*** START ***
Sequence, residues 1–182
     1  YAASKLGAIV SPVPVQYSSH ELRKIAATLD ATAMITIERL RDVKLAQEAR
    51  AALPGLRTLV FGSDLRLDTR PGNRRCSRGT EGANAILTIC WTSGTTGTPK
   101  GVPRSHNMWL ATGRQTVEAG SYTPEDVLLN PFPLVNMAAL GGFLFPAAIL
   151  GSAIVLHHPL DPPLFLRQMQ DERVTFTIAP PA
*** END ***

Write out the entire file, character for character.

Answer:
Sequence, residues 1–182
     1  YAASKLGAIV SPVPVQYSSH ELRKIAATLD ATAMITIERL RDVKLAQEAR
    51  AALPGLRTLV FGSDLRLDTR PGNRRCSRGT EGANAILTIC WTSGTTGTPK
   101  GVPRSHNMWL ATGRQTVEAG SYTPEDVLLN PFPLVNMAAL GGFLFPAAIL
   151  GSAIVLHHPL DPPLFLRQMQ DERVTFTIAP PA